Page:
Sunday, March 17, 2013

Winning streak

A lot happens in a fortnight and I forgot to tell you in my last post about my winning streak. I reckon I'm the luckiest person on earth to be able to live my dream but two recent things in quick succession have now made me the luckiest person in the Universe!

Winning day #1: I filled in an online questionnaire for Swazi some time back; it was a privilege to give some customer feedback as Swazi gear is the best; my two 6 year old micro-fleece tops get a thrashing yet still wash up to look like new. They are warm, well-fitting and lightweight - and, being Swazi, extremely well made. Just over a week ago I got a call from the ferry to say I had a parcel to collect and imagine my surprise when I opened it to find a fab Swazi Matiere jacket, apparently my name was drawn out of the hat for filling in the questionnaire. Thanks, Swazi - check out their fab range (all proudly made in New Zealand) at - or call in to their shop at Levin if you are passing through. I've found Swazi to be the best value for money, the most durable clothing for the outdoors and I would happily endorse their clothing, even without winning a thing!
My new Matiere jacket
Swazi snugness - roll on Winter!

Winning day #2: a few days later I was surprised with another large package; I had won a prize in the Stewart Island/Rakiura Community & Environment Trust raffle (SIRCET). Two Hunting & Fishing polar fleece tops and a beanie, a comprehensive CRT first aid kit, 2 Easibake silicon muffin pans and a voucher from the 4 Square shop on the island. Wow!

SIRCET do a great job of clearing predators from the Ackers project area, running the Community Nursery at Horseshoe Bay and supporting revegetation projects around the township. I'm proud to support them financially and with weekly checks of rat traps at Deep Bay. Funding is not easy to come by and I really appreciate the time and efforts that the SIRCET board and members go to. Want to make a difference and keep the island intact for future generations? How about sponsoring one hectare of prime coastal forest for $50 a year so that rat/possum control can be financed? Check out SIRCET's website on and

What a lucky person I am :)

Saturday, March 16, 2013

Welcome rain

Oban has fared a lot better than the drought-stricken areas - we've had some light rain at nights and quite heavy dews but even so, our temperate rainforest had become as dry as cornflakes. Today's steady rain is most welcome and I can almost hear the sigh of relief as plants, trees and birds soak up the moisture. The beautiful filmy ferns, of genus Hymenophyllum, will transform from shrivelled, black, dead-looking leaves to lush green translucent fronds, often only one cell thick. There are at least 21 species of filmy fern on Stewart Island; I have a lot to learn to be able to identify them all!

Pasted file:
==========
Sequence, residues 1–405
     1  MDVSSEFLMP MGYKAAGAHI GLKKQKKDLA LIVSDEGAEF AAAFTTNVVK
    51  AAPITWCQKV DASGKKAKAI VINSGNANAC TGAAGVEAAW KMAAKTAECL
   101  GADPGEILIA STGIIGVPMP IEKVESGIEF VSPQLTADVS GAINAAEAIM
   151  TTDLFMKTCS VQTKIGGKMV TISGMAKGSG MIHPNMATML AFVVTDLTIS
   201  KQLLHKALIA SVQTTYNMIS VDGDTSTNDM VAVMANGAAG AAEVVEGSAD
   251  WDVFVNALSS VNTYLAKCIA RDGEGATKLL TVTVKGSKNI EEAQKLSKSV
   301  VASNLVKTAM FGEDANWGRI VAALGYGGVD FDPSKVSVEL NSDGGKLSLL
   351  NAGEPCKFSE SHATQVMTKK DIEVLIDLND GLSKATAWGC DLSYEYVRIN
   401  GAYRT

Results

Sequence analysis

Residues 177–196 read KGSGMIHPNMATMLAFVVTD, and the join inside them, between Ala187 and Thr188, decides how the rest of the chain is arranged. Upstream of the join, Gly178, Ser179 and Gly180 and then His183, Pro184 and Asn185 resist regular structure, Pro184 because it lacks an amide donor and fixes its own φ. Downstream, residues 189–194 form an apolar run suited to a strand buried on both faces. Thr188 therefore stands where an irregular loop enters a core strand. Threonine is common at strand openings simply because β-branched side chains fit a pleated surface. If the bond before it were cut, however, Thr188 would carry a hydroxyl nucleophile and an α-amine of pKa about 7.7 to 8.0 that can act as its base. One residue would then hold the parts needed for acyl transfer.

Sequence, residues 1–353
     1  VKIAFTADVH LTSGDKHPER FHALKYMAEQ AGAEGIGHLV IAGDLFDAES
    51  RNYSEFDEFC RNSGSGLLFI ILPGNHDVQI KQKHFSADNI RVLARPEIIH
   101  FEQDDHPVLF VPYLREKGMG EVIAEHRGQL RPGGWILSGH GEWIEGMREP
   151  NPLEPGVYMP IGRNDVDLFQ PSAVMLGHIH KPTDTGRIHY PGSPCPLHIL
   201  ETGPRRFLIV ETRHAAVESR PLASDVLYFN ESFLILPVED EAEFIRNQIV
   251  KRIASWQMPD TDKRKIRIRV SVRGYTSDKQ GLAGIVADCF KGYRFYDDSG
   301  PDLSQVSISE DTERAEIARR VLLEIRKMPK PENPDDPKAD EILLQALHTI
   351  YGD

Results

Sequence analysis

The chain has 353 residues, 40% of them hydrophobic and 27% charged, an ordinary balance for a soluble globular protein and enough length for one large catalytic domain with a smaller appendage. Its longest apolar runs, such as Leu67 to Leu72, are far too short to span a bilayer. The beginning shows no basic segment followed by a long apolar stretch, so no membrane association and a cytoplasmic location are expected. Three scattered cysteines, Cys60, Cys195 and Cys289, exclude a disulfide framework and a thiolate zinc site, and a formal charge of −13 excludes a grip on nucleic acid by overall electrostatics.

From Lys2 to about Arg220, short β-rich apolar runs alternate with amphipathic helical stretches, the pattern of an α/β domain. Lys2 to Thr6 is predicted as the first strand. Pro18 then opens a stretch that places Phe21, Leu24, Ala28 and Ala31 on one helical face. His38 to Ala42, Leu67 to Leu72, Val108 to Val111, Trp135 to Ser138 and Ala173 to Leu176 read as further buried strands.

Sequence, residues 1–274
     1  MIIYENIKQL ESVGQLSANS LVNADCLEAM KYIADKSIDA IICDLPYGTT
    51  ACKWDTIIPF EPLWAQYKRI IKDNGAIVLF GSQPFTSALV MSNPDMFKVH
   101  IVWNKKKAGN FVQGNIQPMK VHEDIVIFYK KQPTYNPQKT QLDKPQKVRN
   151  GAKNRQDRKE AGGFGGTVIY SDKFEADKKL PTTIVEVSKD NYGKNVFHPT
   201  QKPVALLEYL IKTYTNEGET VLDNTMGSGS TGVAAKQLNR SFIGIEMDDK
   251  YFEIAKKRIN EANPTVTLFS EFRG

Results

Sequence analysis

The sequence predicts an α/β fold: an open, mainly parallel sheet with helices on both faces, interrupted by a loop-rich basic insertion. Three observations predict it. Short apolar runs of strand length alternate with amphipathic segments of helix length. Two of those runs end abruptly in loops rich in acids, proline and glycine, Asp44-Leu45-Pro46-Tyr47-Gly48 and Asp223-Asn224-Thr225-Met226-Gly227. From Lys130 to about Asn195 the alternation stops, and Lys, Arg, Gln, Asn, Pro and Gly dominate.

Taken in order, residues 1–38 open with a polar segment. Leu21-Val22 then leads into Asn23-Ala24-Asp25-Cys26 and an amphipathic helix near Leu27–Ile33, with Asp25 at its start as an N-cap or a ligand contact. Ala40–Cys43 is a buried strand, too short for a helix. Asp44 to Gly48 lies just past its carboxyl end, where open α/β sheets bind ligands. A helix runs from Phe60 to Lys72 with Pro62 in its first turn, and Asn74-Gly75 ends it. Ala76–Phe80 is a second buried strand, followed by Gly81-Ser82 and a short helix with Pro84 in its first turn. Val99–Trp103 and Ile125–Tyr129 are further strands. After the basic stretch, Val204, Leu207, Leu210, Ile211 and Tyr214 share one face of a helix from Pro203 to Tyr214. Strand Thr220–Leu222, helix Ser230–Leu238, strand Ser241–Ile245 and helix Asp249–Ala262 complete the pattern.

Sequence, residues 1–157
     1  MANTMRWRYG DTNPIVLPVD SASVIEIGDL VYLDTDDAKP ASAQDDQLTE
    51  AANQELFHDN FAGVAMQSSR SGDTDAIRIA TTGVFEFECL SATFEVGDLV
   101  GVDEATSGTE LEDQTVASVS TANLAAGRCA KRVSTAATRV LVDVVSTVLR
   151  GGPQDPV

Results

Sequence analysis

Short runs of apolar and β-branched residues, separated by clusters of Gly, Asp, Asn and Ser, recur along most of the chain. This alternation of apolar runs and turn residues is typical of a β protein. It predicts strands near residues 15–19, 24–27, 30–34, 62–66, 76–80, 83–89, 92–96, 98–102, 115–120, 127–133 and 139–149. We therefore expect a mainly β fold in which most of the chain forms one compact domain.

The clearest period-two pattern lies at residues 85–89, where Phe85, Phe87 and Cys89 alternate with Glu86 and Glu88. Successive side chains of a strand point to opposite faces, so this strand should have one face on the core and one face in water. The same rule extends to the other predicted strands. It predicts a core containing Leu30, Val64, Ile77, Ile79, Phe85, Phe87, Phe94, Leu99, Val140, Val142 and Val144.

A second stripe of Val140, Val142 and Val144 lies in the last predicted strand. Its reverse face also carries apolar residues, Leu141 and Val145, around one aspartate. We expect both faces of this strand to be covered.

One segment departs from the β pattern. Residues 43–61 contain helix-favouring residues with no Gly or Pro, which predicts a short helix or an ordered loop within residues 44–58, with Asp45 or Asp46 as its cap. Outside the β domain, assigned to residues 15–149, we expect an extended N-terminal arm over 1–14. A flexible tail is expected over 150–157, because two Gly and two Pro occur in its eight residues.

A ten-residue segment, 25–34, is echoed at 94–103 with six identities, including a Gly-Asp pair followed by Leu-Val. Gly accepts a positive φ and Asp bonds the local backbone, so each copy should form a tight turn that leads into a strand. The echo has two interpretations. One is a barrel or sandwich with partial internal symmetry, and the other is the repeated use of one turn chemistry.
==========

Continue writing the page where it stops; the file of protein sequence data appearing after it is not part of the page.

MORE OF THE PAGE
Hymenophyllum ferrugineum

(above and following) Hymenophyllum spp - will put these pics up
on NatureWatch to get an identification

Recyclable packages of tiny sori - part of my thumbnail for size
 My big clean-up around the section is progressing slowly but surely. I had a bit of a setback last week when my scrub-bar (brushcutter) started making strange noises and losing revs. I don't want to do more damage as it doesn't seem to be a tuning problem and will take it down to work on Monday to see if it can be fixed here on the island.

Neat and tidy driveway - just before the scrub bar packed up
Many Islanders use mussel buoys for gardening in; I've tried a selection of ways but found the larger ones tend to splay out if they are cut lengthwise. Dale, the local policeman, has come up with this way of cutting them - a lot neater and more room for the roots...

Dale's bright idea - the bases are riveted on
With this in mind, I put my name down for some old ones and they've just been delivered. I've now got to chainsaw some of them in half and cut rings out of the others for the bases - oh, and get a rivet gun from somewhere :)

Old mussel buoys waiting for the chainsaw
The new dog run is at a standstill until I work out how I can make a removeable section. The door is too narrow to fit the mussel buoys through so, once the netting is on the walls and roof, it will be impossible to get the buoys inside. I'm putting wire bracing diagonally on the sections for strength and will tie the micro-climate cloth netting on to the bracing - this way I won't need to put the wire netting on, or that's the plan at present! Subject to change as I try and suss it out.